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Adagio Teas
   Features  >  NY Theater Reviews

 
GIRL FROM THE NORTH COUNTRY
at Belasco Theatre

DEPRESSING DYLAN
By DAVID COTE

  Ph: Matthew Murphy

My takeaway when Girl From the North Country opened at the Public Theater last fall: "An American musical by people who hate musicals and don’t know America." Sounds harsh, but I stand by it. Although I’ve adored Irish writer-director Conor McPherson’s work for years, I found his book for this Bob Dylan jukebox musical to be a pile of Depression-era clichés one might amass from a week of binging TCM or skimming Steinbeck. As for the integration of Dylan songs, the tracks don’t illuminate character or plot so much as pause the narrative so everyone can enjoy a folksy singalong (cast members even climb into the drum kit). The result – which began as a hit on London’s West End with a non-American cast – seemed to me a creaky period play wrapped around a tribute concert, all imbued with a gothic, melancholic vibe because everyone onstage is broke, unloved, addicted, mad or running from the past.
 
Now, I like Depression-era gloom – which probably gripped Duluth, Minnesota pretty hard in 1934, the present setting. And I can appreciate the mystic-hobo allure of Dylan’s songcraft. In previous plays, I have savored McPherson’s pathos-rich portraits of lost souls struggling toward the light. However, blended together, these elements left me cold last year. So, why do I find my overall impression remarkably improved now that Girl has transferred to Broadway?
 
Recasting three central roles might have something to do with it. The wonderfully sharp and shifty Matt McGrath now plays the Reverend Marlowe, a shabby, chirpy Bible salesman in the company of ex-boxer and ex-con Joe Scott (Austin Scott, exuding equal parts decency and desperation). Both tramps show up on the Duluth doorstep of Nick Laine (Jay O. Sanders), the hard-working and no-nonsense proprietor of a boarding house. The bulk of the action of McPherson’s book orbits around Nick’s bull-headed determination to survive, no matter who it hurts in the process.
 
He’s the man of the house, but also the woman, since his wife Elizabeth (Mare Winningham) suffers from debilitating dementia. Nick cooks and cleans and looks after his two grown children – one of whom is an African American orphan he and Elizabeth adopted: Marianne (Kimber Elayne Sprawl). The other is their own boy, Gene (Colton Ryan), a brooding, boozing young man with dreams of being a writer. Nick is haunted by the long-ago memory of his sister, who died by falling down a well when she was in Nick’s care, and by the bank, which is threatening to foreclose on the house. The play takes place around Thanksgiving and Christmas, and the winter weather has drained the color and joy from everything.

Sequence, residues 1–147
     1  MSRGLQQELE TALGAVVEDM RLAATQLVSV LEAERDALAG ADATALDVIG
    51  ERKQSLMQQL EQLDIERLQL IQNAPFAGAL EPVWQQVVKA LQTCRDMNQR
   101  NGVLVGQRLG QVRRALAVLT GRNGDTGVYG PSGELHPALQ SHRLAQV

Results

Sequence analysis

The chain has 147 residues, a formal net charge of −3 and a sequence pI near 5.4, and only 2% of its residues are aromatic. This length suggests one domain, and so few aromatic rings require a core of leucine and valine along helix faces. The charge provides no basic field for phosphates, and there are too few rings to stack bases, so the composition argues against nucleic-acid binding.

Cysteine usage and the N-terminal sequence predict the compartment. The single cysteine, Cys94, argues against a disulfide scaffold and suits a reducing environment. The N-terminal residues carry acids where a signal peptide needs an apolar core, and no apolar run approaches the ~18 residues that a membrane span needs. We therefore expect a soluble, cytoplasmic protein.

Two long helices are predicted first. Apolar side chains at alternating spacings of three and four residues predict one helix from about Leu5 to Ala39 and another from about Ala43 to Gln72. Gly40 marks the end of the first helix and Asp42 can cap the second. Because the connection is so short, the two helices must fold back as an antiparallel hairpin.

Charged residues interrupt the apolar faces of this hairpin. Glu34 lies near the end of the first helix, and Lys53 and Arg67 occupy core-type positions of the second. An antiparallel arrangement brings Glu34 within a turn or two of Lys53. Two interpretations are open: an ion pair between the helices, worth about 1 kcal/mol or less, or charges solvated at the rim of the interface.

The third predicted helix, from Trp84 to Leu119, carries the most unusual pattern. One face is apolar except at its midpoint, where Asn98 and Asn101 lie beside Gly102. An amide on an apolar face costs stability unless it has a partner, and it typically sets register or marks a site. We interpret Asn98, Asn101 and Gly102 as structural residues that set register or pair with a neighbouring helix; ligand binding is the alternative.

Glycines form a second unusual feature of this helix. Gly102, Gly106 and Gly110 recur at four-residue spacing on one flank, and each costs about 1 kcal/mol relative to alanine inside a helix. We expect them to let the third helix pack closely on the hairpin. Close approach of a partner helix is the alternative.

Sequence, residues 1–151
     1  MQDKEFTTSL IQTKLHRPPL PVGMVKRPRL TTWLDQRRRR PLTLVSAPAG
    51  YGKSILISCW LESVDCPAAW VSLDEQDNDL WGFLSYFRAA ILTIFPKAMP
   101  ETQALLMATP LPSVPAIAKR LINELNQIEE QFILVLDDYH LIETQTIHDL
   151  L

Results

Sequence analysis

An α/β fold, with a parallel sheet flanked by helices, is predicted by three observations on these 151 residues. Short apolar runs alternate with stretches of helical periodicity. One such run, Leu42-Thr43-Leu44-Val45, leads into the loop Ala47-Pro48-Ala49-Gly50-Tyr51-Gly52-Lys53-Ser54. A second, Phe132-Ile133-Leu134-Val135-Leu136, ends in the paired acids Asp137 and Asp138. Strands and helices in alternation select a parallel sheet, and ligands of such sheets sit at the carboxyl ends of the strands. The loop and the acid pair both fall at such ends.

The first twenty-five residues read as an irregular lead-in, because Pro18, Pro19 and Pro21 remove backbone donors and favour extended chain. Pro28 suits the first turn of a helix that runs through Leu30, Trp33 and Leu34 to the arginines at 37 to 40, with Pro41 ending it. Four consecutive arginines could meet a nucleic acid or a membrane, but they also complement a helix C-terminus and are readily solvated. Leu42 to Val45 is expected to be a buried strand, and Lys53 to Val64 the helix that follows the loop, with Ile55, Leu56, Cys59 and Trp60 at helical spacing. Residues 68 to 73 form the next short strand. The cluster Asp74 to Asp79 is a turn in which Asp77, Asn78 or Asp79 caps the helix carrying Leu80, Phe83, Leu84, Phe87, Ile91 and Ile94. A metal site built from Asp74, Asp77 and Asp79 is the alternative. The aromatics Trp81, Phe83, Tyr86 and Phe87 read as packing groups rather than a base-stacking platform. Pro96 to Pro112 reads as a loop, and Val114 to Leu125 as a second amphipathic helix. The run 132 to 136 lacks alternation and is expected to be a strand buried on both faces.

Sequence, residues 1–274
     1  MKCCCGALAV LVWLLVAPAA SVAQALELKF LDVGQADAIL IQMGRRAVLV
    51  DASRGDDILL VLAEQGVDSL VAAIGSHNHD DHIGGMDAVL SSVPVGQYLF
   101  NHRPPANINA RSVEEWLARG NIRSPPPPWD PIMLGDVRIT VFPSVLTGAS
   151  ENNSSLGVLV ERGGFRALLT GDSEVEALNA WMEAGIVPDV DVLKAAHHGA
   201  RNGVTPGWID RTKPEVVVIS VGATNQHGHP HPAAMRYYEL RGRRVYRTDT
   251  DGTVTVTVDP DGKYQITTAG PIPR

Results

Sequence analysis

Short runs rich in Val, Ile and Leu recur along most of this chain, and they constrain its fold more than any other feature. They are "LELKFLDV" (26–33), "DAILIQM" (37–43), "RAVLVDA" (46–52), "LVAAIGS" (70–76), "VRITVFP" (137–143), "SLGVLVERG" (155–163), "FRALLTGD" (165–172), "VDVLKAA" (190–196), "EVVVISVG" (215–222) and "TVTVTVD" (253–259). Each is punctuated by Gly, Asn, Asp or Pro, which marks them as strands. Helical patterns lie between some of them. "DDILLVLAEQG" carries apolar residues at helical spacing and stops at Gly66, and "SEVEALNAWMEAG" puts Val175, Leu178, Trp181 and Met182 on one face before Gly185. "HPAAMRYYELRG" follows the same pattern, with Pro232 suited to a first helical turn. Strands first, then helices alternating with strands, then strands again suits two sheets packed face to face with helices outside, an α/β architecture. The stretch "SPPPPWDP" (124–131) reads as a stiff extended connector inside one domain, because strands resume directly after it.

Other inhabitants of Nick’s boarding house fill out the heavily populated ensemble. Sultry widow Mrs. Neilsen (Jeannette Bayardelle) waits for her late husband’s will to be probated. Mr. Burke (Marc Kudisch), a blowhard businessman fallen on hard times, frequently bickers with his acidic wife (Luba Mason) as they watch over an adult, mentally disabled son (Todd Almond). Much backstory is narrated directly to the audience with dry efficiency by Dr. Walker (Robert Joy), who seems to on break from stage managing a local revival of Our Town.

Getting back to Sanders: The bearish, bass-voiced character actor – one of the most convincing, heart-rending Uncle Vanyas I can remember – is an enormous improvement. He restores the gravitational center of the book, as the sometimes emotionally brutal, physically bullying but well-meaning father. His Nick has to absorb all the humiliation and heartbreak of a world that seems to be falling apart. As his daughter and son pull away from him, he can only watch and wonder what he did wrong. Of all the characters in Girl, only Nick does not sing. No less conflicted and complex, but cast in a more heroic mold, Austin Scott’s beleaguered boxer offers Marianne a way out of this world. The rest of the cast was already strong, but with Sanders at the center, the social and emotional order of the piece finally comes into focus.
 
At the same time, I still have my doubts about the soundness of McPherson’s dramaturgical approach. If his primary goal is to get a lot of bodies on stage to create a sense of interwar American society represented in all its messiness and hope, then he did it. There are many – too many – characters and plot lines stuffed into a shifting panorama, and into multiple party scenes. But if he also wanted a compelling, emotionally gripping family drama, the effect is diffuse and elliptical to the point of indifference.
 
McPherson is a bard of human frailty and remorse. His actors are deeply sympathetic, and Dylan’s music overflows with wry wistfulness. I teared up when Sprawl’s Marianne – pregnant, abandoned, alone – delivered the plaintive refrain from “Tight Connection to My Heart” – “Has anybody seen my love?” Sanders’ impotent desolation at the end of the first act, with Winningham bitterly asking, “How does it feel?” from “Like a Rolling Stone” is deeply affecting. Yes, these individual moments, and more, make little dents and fissures in your heart, but the cardiovascular organ never fully breaks. In the end, Girl From the North Country is an interesting experiment in historical mood-setting. It’s the sort of quirky, melancholic show that will attract passionate fans. I’m only halfway there.
 

David Cote is a theater critic, playwright and opera librettist based in New York City.

 


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